A combined toxicity study of zinc oxide nanoparticles and vitamin C in food additives

A combined toxicity study of zinc oxide nanoparticles and vitamin C in food additives At present, safety evaluation standards for nanofood additives are made based on the toxic effects of a single additive. Since the size, surface properties and chemical nature influence the toxicity of nanomaterials, the toxicity may have dramatically changed when nanomaterials are used as food additives in a complex system. Herein, we investigated the combined toxicity of zinc oxide nanoparticles (ZnO NPs) and vitamin C (Vc, ascorbic acid). The results showed that Vc increased the cytotoxicity significantly compared with that of the ZnO only NPs. When the cells were exposed to ZnO NPs at a concentration less than 15 mg L −1 , or to Vc at a concentration less than 300 mg L −1 , there was no significant cytotoxicity, both in the case of gastric epithelial cell line (GES-1) and neural stem cells (NSCs). However, when 15 mg L −1 of ZnO NPs and 300 mg L −1 of Vc were introduced to cells together, the cell viability decreased sharply indicating significant cytotoxicity. Moreover, the significant increase in toxicity was also shown in the in vivo experiments. The dose of the ZnO NPs and Vc used in the in vivo study was calculated according to the state of food and nutrition enhancer standard. After repeated oral exposure to ZnO NPs plus Vc, the injury of the liver and kidneys in mice has been indicated by the change of these indices. These findings demonstrate that the synergistic toxicity presented in a complex system is essential for the toxicological evaluation and safety assessment of nanofood. http://www.deepdyve.com/assets/images/DeepDyve-Logo-lg.png Nanoscale Royal Society of Chemistry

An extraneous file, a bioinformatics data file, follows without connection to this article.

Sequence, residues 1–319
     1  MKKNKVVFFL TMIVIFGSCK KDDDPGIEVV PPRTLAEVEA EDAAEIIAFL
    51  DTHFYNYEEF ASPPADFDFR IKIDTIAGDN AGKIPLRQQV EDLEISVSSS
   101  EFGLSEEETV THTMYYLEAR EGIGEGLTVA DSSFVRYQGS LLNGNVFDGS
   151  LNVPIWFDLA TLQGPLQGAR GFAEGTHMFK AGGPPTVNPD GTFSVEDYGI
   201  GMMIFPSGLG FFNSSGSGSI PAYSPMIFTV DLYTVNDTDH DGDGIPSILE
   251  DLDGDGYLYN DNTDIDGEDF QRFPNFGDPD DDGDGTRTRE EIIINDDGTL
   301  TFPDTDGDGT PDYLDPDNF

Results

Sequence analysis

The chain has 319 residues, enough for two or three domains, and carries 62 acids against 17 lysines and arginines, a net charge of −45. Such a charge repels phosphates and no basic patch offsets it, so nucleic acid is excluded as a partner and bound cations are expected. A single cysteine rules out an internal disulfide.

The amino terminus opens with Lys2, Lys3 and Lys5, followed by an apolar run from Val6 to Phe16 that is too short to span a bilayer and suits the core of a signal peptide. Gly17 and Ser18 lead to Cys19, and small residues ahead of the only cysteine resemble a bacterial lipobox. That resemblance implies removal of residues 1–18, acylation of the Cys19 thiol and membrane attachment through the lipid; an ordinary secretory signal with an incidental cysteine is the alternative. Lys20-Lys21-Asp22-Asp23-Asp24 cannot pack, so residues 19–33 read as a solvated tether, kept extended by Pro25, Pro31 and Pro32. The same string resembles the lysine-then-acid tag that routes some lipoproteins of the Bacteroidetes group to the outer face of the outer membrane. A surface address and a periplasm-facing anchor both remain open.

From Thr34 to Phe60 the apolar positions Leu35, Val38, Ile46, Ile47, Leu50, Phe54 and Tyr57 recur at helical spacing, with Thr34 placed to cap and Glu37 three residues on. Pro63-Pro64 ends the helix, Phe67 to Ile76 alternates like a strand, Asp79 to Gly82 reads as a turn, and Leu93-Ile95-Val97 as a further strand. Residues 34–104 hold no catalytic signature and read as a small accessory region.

A combined toxicity study of zinc oxide nanoparticles and vitamin C in food additives

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Publisher
The Royal Society of Chemistry
Copyright
This journal is © The Royal Society of Chemistry
ISSN
2040-3364
eISSN
2040-3372
D.O.I.
10.1039/c4nr05480f
Publisher site
See Article on Publisher Site

Abstract

At present, safety evaluation standards for nanofood additives are made based on the toxic effects of a single additive. Since the size, surface properties and chemical nature influence the toxicity of nanomaterials, the toxicity may have dramatically changed when nanomaterials are used as food additives in a complex system. Herein, we investigated the combined toxicity of zinc oxide nanoparticles (ZnO NPs) and vitamin C (Vc, ascorbic acid). The results showed that Vc increased the cytotoxicity significantly compared with that of the ZnO only NPs. When the cells were exposed to ZnO NPs at a concentration less than 15 mg L −1 , or to Vc at a concentration less than 300 mg L −1 , there was no significant cytotoxicity, both in the case of gastric epithelial cell line (GES-1) and neural stem cells (NSCs). However, when 15 mg L −1 of ZnO NPs and 300 mg L −1 of Vc were introduced to cells together, the cell viability decreased sharply indicating significant cytotoxicity. Moreover, the significant increase in toxicity was also shown in the in vivo experiments. The dose of the ZnO NPs and Vc used in the in vivo study was calculated according to the state of food and nutrition enhancer standard. After repeated oral exposure to ZnO NPs plus Vc, the injury of the liver and kidneys in mice has been indicated by the change of these indices. These findings demonstrate that the synergistic toxicity presented in a complex system is essential for the toxicological evaluation and safety assessment of nanofood.

Journal

NanoscaleRoyal Society of Chemistry

Published: Oct 26, 2014

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